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Tuesday, 14 February 2017

It is emerging as a hard reality that in these unscrupulous times of political gamesmanship, the Election Commission is proving to be a pale shadow of the awe-inspiring body that it was in better times. When T N Seshan was the Chief Election Commissioner he was castigated for his impulsiveness and eccentricities but there can be no doubt that the commission invoked greater fear among wrongdoers.

Today, its dictates are flouted with impunity because governments at the Centre have failed to clothe it with adequate authority and in the intervening period politicians in general have become more thick-skinned and violative of norms and standards. Political parties promise the moon in their manifestoes and get away with luring and enticing the voter through what are largely false promises or assurances that if implemented would hit the State exchequer hard, thereby hurting the people indirectly by crippling the economy.

The latest case in point is the paper circulated by Congress vice-president Rahul Gandhi and UP Chief Minister Akhilesh Yadav to voters at a joint press conference on Saturday in Lucknow entitled 'Pragati ke 10 kadam' (10 steps to progress) issued on the threshold of the first round of Assembly elections. In varying degrees, all parties make rash promises without a thought to how and whether they would fulfil them but this one is particularly unabashed and comes at a crucial time.

Among the promises made to the electorate are: free smartphone and skill development to 20 lakh youths, waiver of farm loans, Rs 1,000 monthly pension to 1 crore families, free cycle to girl and boy students of class 9, 10 and 12, free homes to 10 lakh Dalit and Other Backward Class families, among others. There is no word on how the State would mobilise resources to fulfil these extremely-expensive demands and whether there would be anything left in the exchequer for creating essential infrastructure and spurring development.

Truly, most voters have learnt over the years to take these promises with a pinch of salt but there also are the gullible ones who get swayed. Over the years, the betrayal of faith of the people has led them to view the whole system of elections and democracy with cynicism.

If the system does not throw up solutions, it is time the people themselves call the bluff of habitual liars among politicians. There is also a dire need for Parliament to clothe the Election Commission with more enforceable monitoring -- also for Parliament legislating for a 'right to recall' to drill some measure of accountability in representatives of the people.

  

Politics of last resort

Monday, 13 February 2017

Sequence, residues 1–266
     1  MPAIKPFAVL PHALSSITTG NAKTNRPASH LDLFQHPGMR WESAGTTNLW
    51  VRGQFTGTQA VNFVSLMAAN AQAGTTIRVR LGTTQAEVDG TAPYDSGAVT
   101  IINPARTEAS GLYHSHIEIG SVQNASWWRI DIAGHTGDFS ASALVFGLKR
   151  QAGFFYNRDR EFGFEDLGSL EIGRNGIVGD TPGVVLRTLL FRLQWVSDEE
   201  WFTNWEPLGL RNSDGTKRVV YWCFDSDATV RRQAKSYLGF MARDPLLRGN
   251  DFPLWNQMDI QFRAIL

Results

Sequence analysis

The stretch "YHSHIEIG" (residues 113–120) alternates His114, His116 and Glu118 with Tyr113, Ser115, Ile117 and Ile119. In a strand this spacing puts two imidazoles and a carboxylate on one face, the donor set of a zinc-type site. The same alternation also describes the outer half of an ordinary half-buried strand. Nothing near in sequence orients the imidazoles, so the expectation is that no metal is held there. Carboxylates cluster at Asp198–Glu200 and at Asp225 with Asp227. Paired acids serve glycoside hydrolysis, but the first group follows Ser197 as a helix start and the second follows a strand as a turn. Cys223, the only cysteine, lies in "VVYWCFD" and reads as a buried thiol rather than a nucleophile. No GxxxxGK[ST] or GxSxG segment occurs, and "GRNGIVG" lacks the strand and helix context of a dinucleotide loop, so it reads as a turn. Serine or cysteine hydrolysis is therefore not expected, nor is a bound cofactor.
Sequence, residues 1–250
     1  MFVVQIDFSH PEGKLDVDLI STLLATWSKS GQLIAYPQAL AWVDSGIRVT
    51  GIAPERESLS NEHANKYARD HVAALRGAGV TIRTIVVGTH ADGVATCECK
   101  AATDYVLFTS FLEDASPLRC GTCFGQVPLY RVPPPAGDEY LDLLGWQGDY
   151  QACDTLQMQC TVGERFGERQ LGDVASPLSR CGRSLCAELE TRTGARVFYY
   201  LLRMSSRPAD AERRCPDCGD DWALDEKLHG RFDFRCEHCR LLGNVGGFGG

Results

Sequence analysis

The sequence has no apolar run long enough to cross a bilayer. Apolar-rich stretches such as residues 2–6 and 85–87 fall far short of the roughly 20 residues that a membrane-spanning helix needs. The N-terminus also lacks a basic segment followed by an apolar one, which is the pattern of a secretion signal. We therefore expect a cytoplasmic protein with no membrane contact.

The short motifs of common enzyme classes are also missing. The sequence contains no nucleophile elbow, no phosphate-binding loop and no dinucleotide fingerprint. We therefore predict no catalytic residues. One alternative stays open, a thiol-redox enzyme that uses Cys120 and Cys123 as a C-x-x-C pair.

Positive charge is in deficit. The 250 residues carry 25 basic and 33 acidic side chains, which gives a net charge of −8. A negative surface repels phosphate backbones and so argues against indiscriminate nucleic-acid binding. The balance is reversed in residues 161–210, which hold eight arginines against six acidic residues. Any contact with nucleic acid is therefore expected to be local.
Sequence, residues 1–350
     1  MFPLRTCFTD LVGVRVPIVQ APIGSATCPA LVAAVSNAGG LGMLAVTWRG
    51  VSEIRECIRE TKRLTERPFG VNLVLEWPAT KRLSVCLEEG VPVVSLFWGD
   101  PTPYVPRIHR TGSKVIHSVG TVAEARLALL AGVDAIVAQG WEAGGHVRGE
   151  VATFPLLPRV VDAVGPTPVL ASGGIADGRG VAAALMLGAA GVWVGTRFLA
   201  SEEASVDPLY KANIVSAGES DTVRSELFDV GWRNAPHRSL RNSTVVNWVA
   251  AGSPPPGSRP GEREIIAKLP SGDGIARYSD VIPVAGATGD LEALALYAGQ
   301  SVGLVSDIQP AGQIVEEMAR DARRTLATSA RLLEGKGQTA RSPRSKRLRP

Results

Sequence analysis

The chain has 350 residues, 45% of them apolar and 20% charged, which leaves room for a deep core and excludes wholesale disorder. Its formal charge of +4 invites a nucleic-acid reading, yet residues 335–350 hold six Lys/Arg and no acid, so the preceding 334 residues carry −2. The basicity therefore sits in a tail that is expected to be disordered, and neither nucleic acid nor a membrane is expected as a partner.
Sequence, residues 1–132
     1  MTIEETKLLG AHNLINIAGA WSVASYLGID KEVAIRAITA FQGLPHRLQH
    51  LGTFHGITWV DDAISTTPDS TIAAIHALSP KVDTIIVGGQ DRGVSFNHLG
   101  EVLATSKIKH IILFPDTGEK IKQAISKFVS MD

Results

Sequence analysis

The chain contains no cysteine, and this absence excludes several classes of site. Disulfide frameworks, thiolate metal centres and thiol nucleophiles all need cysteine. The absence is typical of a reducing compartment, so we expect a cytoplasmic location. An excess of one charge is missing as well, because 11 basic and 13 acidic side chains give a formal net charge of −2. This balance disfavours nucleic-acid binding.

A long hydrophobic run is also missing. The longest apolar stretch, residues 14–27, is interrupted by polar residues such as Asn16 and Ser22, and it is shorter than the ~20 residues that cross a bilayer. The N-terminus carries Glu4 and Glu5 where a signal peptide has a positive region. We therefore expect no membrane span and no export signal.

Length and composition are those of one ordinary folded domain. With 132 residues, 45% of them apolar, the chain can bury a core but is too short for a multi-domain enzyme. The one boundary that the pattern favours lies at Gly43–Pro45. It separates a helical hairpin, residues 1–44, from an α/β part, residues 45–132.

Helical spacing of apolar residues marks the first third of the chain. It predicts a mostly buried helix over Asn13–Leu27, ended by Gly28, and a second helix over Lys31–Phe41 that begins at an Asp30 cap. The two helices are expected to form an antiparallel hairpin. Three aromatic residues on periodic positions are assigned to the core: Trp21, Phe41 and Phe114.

Even as acting Governor Vidyasagar Rao ponders over options to determine who he would call to form the next government in the wake of a virtual split in AIADMK or whether he would order a floor test to ascertain which of the two factions enjoys a majority, the fact that practically all the party legislators were whisked away to a resort about 80 km from Chennai is being viewed with disfavour by political commentators and people at large.

Various moves are being contemplated by O Panneerselvam camp to get the support of these legislators in 'virtual captivity'. Sasikala Natarajan camp, that orchestrated the resort politics, could face the heat in days to come as both the Madras High Court and the Governor have sought reports from the police on whether the legislators are being kept away from public life and from their families through coercive means.

Early reports said the legislators were denied access to newspapers, mobiles, Internet and wi-fi, but later they were presented before the media, and many of them claimed they were at liberty. But till now, the question why they are holed up there in the resort, which has turned into a fortress now, still awaits a convincing answer. The Governor, on his part, is keeping everyone guessing on his next move even as the Centre maintains a studied silence.

This unhealthy way of keeping the legislators away from crossing over to the other side has been practised many times earlier too in various parts of the country. Even in Tamilnadu, a month after sitting chief minister M G Ramachandran died in December 1987, the war of succession between Jayalalithaa and Janaki Ramachandran saw legislators of two factions put up in resorts. The Janaki faction won a majority which proved short-lived as her government was dismissed by the then Rajiv Gandhi government at the Centre 24 days later.

In 1984, chief minister NT Rama Rao confined his loyalists in hotels in Hyderabad, Delhi and Bengaluru after he was sacked by Governor Ram Lal in an Independence Day coup by his Cabinet colleague Nadendla Bhaskara Rao. This coup of sorts was also short-lived. There were similar examples in UP in 1988 and 2002, Bihar and Jharkhand in 2005, Arunachal in 2007, and Karnataka and Uttarakhand in 2016.

But use of similar tactics in the past do not make Sasikala's move any less reprehensible. It is indeed time that those perpetuating this practice be punished appropriately so that a deterrent is created for the future.

  

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